23.4.19

Learning to love nights to myself (spoiler: It took me a LONG time)


So nearly 8 years ago I moved away from my family in Essex, and moved to Norwich for university. I did the very standard thing of living in halls in my first year, going back and forwards to visit family at the weekends, and then moved into a house with friends in my second and third years. Once I left university for good, I moved in with Harvey and his parents, as we'd decided we wanted to buy a house together and thought it would be the easiest (read: least inexpensive) way to save some money but still be together. Cheesy huh?

Anyway, the point I'm making in a very roundabout way, is that I'd never really spent a great deal of time by myself as I'd always been surrounded by other people, so when Harvey and I bought our house in 2015, it came as a bit of a shock to the system. For anybody reading this who doesn't already know, Harvey works shifts. He works more than his fair share of night shifts too, so once we'd moved in, I suddenly found myself spending evenings alone, and falling asleep alone for the first time in a long time.

In total honesty, I found it less than comfortable. I was anxious and on edge, convinced that something bad was going to happen and there was very little that stopped me feeling that way. Most nights, I'd grab supplies and hole myself away upstairs, where I could close all the blinds and be certain that no one could see me from outside. Completely and utterly irrational I know, but that's just the way my mind used to work.

Quite clearly, I knew there was an issue, and I thought about trying lots of different things to rectify the situation. Some of the more ridiculous considerations included getting a dog for company and taking supplements to help me relax/fall asleep but generally I think my alcohol and unhealthy food intake just increased, as I used it to comfort myself.

Something had to change, and so I made a conscious effort to eliminate things that used to 'trigger me'.  One of the worst things for me was silence, because it made me hyper aware of noises outside of the house, and even noises inside that houses make just because. So one of the first things I did was to start making sure there was always background noise, and that's when I got really into watching YouTube. The playlists I'd make were absolutely huge and they would auto-play throughout the night, as I used to rely on them to help me fall asleep. I eventually realised that sometimes even YouTube acted as a trigger for me, because of the adverts. Adverts became the bane of my life, particularly around the Halloween period, as there seemed to be a never-ending supply of trailers for horror films. Not really the sort of things you want to be thinking about when you're home alone.

Step forward Netflix, BBC iPlayer, and ITV Hub+. Reading this post back, I realise that sounds very much like an #ad but as much as I wish it was, I promise you it isn't. I quickly realised that these three channels were the key to my anxiety-free viewing on nights home alone as I could control the fact that they don't have adverts. I banned myself from watching anything remotely scary or crime-related, and began to use it as an opportunity to watch all of the trash TV, saving the scarier TV shows for when I got ready for work in the morning.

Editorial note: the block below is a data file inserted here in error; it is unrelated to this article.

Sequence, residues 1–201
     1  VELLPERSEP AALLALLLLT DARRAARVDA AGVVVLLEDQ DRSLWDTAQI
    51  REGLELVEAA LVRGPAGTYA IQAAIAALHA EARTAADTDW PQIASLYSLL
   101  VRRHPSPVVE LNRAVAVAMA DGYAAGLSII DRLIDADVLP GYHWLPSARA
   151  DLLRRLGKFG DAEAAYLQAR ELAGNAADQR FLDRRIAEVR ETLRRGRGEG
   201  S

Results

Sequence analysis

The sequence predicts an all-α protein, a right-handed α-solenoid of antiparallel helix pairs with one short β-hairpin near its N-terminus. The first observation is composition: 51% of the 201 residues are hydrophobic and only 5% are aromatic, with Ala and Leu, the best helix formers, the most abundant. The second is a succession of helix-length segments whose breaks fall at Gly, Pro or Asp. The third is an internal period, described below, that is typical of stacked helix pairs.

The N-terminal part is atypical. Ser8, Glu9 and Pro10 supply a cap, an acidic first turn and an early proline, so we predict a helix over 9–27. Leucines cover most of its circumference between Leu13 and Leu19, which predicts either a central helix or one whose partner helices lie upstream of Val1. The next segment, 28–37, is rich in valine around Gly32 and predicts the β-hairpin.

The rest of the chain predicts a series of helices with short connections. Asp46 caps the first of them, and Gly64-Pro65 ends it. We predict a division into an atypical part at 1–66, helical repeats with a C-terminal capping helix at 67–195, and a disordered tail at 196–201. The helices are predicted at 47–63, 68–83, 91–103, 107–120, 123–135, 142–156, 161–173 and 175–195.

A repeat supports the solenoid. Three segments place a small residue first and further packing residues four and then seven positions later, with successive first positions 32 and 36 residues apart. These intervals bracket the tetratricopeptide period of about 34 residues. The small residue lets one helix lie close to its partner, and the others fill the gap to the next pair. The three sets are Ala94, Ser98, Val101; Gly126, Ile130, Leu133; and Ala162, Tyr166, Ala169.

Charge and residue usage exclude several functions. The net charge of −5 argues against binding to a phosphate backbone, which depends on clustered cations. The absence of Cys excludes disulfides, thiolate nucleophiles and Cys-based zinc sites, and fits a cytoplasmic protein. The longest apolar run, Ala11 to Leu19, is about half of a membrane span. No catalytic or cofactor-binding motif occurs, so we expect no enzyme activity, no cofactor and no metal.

Essentially the key for me was to keep myself busy and distracted in any way possible. Happily, I can report that it seems to have worked for me. I do sometimes feel a little edgy and that feeling can be totally random or related to something I've seen or read, but on the whole I don't feel the need to consciously distract myself anymore and truth be told, I've actually begun to look forward to nights in by myself.  These days, when Harv is at work, you can generally find me watching trashy TV (favourites are repeat episodes of Love Island, Suits, Gossip Girl, The Mummy Diaries and the Real Housewives of Cheshire if you're keen to know), having a nice long bubble bath, doing a face mask and writing blog posts. The latter has sort of dropped off the face of the earth in the past year as I've been working 50+ hour weeks, but I've moved on to a new job now where I am working significantly less hours, so hopefully I can get back into blogging a little bit now I've got more time.

So why did I decide to write this post? Aside from wanting to celebrate what I consider to be quite a big personal achievement, I wanted to write about the subject as I'm quite certain I'm not the only person to have felt like this. If you're struggling with something similar, my one piece of advice would be to give yourself time. Although it was a conscious effort for me to shake things up a bit, the most important thing probably has been time. It's been a process that's taken me years to get to this point, to get to a point where I'm not running up the stairs at the end of the night and locking myself away in my bedroom just in case.

As with most issues in life, a problem shared is a problem halved, so if you're ever feeling anxious, talking to someone is a great first step to rectifying the situation. The way you feel now, doesn't have to be the way you feel forever. Chat to someone you trust, or chat to a total stranger. Whichever you choose, it'll help you feel less isolated, and without you even really realising, will help the matter a great deal. Sometimes social media can be a force for good...

Probably going to leave it there because I'm at serious risk of making this blog post even cheesier, but hopefully you get the gist. If it's something you're struggling with, or you want to talk about it some more, I've linked my Instagram below.

Thanks for reading,

Laura x

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